Overdue Electric Bills for Homes, Businesses Soar Due to COVID-19
It became a major concern across the nation as soon as COVID-19 restrictions began in late March: Furloughed workers and businesses forced to shutter or significantly modify their operations were duly concerned about their ability to pay their bills, and utilities were near the top of the list. This was of even greater concern considering the timing, as the nation was heading into a period of seasonally higher energy use.
Coming out of that period, and utilities and energy providers now have a feel for just how seriously the pandemic has impacted their customers. While these agencies are continuing to provide various relief programs to help customers stay current on their bills, many remain in arrears to the tune of many millions of dollars, depending on the locality.
In Long Island, N.Y., homes, and businesses that suffered the double-whammy of COVID-19 and seasonally higher energy use are behind on their electric bills by more than $150 million, according to figures recently released by PSEG/Long Island Power Authority (LIPA).
The Hard Numbers
In Long Island, which represents a healthy cross-section of low- and high-income residences as well as businesses, “electric bills more than 30 days past due as of September showed $33.5 million in arrears for commercial customers, up 53% from $21.9 million in September 2019. Residential amounts over 30 days past due totaled $120.9 million, up 20% from $100.4 million last year.”
Based on PSEG figures, the number of commercial accounts in arrears increased to nearly 20,000 this year, as compared with just over 17,000 a year ago, “while the number of residential customers with overdue bills declined, even as the dollar amount soared, to 183,175 compared with 194,279 in September of 2019.”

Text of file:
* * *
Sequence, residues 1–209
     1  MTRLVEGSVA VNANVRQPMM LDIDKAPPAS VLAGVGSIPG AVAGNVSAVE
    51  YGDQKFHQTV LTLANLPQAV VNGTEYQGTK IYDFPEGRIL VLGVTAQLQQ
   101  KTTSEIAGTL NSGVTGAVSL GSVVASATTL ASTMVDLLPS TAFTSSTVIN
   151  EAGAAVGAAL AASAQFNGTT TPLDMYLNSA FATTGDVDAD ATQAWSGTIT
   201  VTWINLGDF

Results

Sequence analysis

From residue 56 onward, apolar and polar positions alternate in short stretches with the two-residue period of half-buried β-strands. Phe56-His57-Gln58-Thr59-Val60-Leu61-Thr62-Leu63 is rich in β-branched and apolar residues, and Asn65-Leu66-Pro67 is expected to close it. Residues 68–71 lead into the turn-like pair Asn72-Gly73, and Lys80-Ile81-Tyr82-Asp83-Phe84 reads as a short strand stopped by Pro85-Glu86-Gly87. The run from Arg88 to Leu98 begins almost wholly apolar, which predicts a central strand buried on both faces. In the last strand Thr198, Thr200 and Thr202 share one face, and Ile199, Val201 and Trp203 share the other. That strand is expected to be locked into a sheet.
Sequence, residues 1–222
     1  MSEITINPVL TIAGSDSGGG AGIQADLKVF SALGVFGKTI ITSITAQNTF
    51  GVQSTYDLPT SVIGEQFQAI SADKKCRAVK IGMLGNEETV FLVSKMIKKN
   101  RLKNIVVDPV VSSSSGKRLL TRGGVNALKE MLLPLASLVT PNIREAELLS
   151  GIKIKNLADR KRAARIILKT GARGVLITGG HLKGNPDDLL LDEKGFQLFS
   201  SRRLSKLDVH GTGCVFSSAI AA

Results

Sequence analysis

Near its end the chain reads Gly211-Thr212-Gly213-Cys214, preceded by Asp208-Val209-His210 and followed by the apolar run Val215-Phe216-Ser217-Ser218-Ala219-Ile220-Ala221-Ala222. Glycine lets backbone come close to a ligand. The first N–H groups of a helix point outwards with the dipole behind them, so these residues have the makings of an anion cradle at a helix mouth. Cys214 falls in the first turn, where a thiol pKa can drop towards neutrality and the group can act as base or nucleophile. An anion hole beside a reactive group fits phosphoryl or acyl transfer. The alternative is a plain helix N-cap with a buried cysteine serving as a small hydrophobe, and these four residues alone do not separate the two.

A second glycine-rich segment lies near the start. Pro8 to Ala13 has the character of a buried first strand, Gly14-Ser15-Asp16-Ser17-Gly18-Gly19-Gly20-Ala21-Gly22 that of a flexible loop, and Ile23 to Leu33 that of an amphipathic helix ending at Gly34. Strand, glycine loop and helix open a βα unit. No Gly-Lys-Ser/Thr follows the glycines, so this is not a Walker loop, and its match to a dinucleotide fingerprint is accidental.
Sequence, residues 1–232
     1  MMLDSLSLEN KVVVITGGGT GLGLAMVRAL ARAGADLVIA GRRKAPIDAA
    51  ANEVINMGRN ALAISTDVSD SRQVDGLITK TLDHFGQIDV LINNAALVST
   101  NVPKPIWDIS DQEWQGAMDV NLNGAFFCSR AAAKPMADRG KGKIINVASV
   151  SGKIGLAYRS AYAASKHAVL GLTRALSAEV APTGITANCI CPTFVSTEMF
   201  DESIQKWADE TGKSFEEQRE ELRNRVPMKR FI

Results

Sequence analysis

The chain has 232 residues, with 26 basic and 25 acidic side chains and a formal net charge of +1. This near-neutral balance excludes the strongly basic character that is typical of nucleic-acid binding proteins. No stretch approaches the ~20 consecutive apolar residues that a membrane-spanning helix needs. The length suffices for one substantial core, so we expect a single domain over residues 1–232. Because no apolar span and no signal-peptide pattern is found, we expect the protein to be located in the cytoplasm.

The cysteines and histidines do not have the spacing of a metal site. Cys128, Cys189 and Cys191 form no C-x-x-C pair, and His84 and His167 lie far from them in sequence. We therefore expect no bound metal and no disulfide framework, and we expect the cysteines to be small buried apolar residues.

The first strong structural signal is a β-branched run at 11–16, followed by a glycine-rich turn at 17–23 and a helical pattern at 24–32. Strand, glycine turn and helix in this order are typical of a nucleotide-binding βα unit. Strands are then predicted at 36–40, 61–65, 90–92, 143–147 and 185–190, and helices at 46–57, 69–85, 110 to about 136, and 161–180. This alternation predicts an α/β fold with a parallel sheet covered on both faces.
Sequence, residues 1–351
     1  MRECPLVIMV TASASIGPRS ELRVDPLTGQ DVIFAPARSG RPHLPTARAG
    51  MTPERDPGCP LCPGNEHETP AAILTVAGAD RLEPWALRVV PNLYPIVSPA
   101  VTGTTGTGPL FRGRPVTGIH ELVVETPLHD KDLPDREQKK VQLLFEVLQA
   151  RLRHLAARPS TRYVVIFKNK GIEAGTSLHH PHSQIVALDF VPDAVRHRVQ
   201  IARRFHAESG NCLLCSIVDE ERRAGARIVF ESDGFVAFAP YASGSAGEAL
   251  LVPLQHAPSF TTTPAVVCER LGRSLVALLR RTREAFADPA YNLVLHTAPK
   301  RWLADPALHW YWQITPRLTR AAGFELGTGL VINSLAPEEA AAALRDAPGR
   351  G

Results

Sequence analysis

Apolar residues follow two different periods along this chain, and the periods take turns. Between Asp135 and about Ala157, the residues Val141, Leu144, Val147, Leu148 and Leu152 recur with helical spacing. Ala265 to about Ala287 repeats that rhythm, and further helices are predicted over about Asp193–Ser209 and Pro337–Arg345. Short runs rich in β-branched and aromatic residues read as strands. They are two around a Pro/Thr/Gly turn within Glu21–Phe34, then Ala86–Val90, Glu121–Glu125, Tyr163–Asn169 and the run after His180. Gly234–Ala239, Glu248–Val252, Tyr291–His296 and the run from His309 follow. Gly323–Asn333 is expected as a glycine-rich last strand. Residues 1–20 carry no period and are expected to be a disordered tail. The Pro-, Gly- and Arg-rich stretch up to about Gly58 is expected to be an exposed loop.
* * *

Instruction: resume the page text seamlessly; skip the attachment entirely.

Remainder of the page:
According to the local publication Newsday, the delinquencies have been exacerbated by the inability of utilities to discontinue service to get customers to pay their bills, given the emergency legislation passed by the state that barred shut-offs until the end of March. PSEG and other utilities had largely ended shut-offs for nonpayment due to the pandemic as a matter of policy.
Long Island Power Authority CEO Tom Falcone indicated that the amounts are “manageable” as a percentage of LIPA’s overall $3.4 billion annual budget. He said LIPA has already begun to make allowances for higher write-offs of some of those bills since customers are unable to pay. “Given the effects of the pandemic,” Falcone said, “you would expect not all customers are in the position to pay bills or to afford electricity.”
Assessing the Wreckage
Indeed, the COVID-19 pandemic has resulted in the worst economic crisis in more than a generation. Almost overnight, it put millions across the country in an unenviable position. Now, strapped for cash, and in some cases still unemployed, many have fallen far behind on their utility bills. With utilities having a harder time providing relief programs after many months of looming deficits, many customers are now looking at the prospect of utility shut-offs and fast-growing debt.
At the start of the pandemic, many states acted quickly to ensure that their customers would not lose power if their jobs or wages were compromised. Now, according to a recent Washington Post article, “only 21 states and the District of Columbia still have such disconnection bans in place. That leaves roughly 179 million Americans at risk of losing service even as the economy continues sputtering, according to the National Energy Assistance Directors’ Association.”
Based on the group’s calculations, millions more in several other states are set to lose their protections throughout the Fall, and heading into another period of seasonally high energy use likely provides little comfort.